Common Misconceptions Teens Have About STDs
The Centers for Disease Control and Prevention (CDC) reports that, among U.S. high school students surveyed in 2009, 46% had sexual intercourse, which puts them at risk for pregnancy and sexually transmitted diseases (STDs). Nearly half of the 19 million new reports of STDs each year are among young people aged 15–24 years. Clearly if almost 10 million youths are infected with STDs every year, then our teens need more information about how to protect themselves.
In today’s blog, we are going to examine some of the most common myths adolescents have about STDs and provide the facts. Please consider sharing this information with your teen:
Myth #1: Only adults get STDs.
Anyone who has any type of sexual contact is at risk of getting an STD. In fact, statistically, younger people are at the highest risk of an STD infection, and because they have their reproductive years ahead of them, they have the most to lose from getting infected. Many STDs can damage your reproductive health.
Myth #2: Only trashy or promiscuous people get STDs.
STDs are equal opportunity and they don’t discriminate. The only people who have no risk of getting an STD are people who haven’t had any kind of sexual contact. Everyone else is fair game – rich, poor, popular, geeks, smart, foolish, even someone having sex for the very first time. If you’re having sexual activity and you’re not using condoms consistently and correctly, everyone’s at risk for these infections.
Myth #3: You can’t catch an STD from having oral or anal sex.
STDs are transmitted through body fluids and/or skin contact. The skin inside the mouth and rectum are not as tough as the skin on the outside of our body, so in fact, the transmission rate of these infections is just as high for oral and anal sex as it is for vaginal sex.
Myth #4: You can tell if someone has an STD.
So many teens believe that they will be able to tell if someone is infected just by looking at their genitals. This is completely false. Most STDs are not usually visible at all. Even with the human papillomavirus (HPV), which causes genital warts, a person can have the virus and not have the warts. In most cases, people with the HPV virus give it to others without knowing they are infected, according to the CDC. Doctors generally need to take blood or conduct other tests to determine if someone has an STD because STDs do not always exhibit symptoms. Additionally, some STDs, such as HPV, do not have an accurate test available.
Myth #5: You can get an STD from a toilet seat.
False. The viruses or bacteria that cause STDs cannot survive outside of the human body for very long. You cannot acquire an STD by sitting on a toilet.
Myth #6: You can’t get an STD if you only have sex once.
As soon as you have sexual contact, you are at risk of an STD. If your partner has an STD, then it doesn’t matter if you are a virgin, as soon as you have sexual contact with them, you are at risk for infection.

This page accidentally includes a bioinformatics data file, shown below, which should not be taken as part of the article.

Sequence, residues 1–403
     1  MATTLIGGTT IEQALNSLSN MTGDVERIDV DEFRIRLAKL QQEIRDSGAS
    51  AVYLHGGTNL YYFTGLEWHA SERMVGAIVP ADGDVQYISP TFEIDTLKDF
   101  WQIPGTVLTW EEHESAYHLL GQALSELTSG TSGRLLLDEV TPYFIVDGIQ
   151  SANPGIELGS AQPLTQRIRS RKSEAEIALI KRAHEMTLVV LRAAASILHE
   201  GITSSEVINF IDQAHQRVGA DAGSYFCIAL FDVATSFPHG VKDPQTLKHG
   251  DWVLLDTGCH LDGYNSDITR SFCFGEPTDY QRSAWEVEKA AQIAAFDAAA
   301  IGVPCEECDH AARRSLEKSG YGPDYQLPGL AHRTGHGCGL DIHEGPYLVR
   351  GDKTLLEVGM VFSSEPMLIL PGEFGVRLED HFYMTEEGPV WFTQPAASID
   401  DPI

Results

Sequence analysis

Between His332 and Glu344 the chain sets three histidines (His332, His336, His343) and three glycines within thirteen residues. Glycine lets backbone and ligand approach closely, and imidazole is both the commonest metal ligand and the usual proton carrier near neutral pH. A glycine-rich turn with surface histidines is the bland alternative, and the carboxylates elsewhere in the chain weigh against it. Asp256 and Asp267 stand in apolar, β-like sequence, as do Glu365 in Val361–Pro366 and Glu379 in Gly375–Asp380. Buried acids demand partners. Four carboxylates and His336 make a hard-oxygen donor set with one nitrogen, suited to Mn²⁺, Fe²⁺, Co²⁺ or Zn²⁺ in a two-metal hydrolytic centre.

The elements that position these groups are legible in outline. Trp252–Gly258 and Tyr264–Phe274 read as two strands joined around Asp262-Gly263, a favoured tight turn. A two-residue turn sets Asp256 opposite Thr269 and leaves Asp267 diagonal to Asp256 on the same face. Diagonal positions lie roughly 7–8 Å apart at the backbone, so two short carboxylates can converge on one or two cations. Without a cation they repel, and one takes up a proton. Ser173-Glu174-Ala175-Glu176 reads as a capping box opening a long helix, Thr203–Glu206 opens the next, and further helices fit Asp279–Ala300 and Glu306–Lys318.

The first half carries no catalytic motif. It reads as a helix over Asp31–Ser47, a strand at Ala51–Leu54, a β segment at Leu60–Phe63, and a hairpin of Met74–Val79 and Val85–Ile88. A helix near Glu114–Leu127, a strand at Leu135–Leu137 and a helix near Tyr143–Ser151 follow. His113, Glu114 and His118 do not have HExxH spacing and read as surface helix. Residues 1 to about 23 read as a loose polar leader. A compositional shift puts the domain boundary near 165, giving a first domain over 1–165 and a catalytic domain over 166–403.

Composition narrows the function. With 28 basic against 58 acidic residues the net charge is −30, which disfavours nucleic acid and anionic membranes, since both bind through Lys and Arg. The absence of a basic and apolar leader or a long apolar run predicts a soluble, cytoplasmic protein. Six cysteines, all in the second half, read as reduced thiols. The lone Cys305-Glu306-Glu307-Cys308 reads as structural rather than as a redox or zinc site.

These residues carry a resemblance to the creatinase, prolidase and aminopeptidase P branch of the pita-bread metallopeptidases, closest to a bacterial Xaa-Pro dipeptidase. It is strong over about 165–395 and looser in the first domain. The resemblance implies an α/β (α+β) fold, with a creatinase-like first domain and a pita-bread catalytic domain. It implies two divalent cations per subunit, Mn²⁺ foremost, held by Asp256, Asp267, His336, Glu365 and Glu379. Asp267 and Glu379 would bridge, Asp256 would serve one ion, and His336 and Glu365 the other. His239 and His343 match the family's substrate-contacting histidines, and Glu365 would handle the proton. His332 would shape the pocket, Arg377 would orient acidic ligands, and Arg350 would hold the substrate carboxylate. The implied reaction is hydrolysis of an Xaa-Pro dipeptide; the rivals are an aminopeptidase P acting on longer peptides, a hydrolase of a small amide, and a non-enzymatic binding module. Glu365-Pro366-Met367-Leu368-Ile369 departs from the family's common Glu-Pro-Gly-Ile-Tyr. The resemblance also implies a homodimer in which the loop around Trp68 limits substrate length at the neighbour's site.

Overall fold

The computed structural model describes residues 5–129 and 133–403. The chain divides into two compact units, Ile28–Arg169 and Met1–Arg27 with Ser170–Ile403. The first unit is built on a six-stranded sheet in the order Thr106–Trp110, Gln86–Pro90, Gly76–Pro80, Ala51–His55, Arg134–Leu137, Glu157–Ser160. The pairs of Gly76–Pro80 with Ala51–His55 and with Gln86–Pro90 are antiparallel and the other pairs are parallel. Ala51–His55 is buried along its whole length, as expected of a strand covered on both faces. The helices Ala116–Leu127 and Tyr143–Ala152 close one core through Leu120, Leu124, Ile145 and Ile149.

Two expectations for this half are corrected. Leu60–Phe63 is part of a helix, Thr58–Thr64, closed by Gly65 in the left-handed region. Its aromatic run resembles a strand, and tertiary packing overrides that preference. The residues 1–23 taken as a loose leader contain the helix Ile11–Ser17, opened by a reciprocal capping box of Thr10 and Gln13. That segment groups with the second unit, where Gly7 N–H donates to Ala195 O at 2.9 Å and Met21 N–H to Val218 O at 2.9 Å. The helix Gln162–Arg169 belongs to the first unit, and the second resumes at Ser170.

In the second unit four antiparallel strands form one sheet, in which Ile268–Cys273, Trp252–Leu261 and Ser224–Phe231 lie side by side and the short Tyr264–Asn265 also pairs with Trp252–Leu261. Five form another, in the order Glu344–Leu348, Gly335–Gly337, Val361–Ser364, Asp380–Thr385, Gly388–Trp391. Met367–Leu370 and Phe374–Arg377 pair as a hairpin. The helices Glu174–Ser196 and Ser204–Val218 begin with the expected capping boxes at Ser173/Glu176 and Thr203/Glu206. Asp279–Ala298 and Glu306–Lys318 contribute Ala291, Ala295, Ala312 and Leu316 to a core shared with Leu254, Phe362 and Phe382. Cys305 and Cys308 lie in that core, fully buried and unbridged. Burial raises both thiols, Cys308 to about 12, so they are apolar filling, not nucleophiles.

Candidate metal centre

Myth #7: If you have sex in a hot tub or pool, the chlorine or heat will kill any STD you might catch.
False. The temperature of the water or the dilution of the chlorine will not kill STDs. The only way to protect yourself if you are having sex is to use condoms consistently and correctly every time.
Myth #8: Two condoms are better than one.
Using two condoms during sex can cause friction between the condoms that increases the risk of breakage and leakage. Doctors recommend keeping it simple… just use one condom each and every time you have sex.
Teens should also know that latex condoms are the best protection, and that condoms should be placed on as soon as there is an erection because there is usually some ejaculate released during foreplay.
Myth #9: You can only get the same STD once.
STDs that are caused by viruses, such as HIV and herpes, are yours for life. They cannot be treated, only managed. Other STDs, such as chlamydia, gonorrhea, or syphilis, can be treated and cured, but you can easily be infected again if you have sexual contact with someone who has them. You do not develop immunity to these diseases, and you must practice abstinence or safe sex to avoid them.
Myth #10: You can only catch herpes when the other person is having an outbreak.
According to the CDC, most people infected with the herpes simplex virus type 2 (HSV-2), which causes most cases of genital herpes, don’t know they’re infected and can spread the virus even when they don’t have visible sores.
Myth #11: If you have an STD, you can just take antibiotics and it will go away.
For the bacterial STDs, it is true that antibiotics are highly effective. About 95% to 98% of the time when you take the antibiotic your infection will go away. But sometimes damage has already been done if you’ve already had the infection for a while before you got treated.
Viral STDs are harder to treat. Antiviral medications don’t cure the infections, they just reduce the symptoms. Once you are off your medication for herpes and sometimes for HIV, your virus can increase and you can be more likely to transmit it to a partner.
Tell your teen they only need to remember these essential truths:
- The only way to 100% avoid STDs (and pregnancy) is not to have sex – of any form.
- If you do have sex, use a condom every time.
- If you have had sex, get tested for STDs.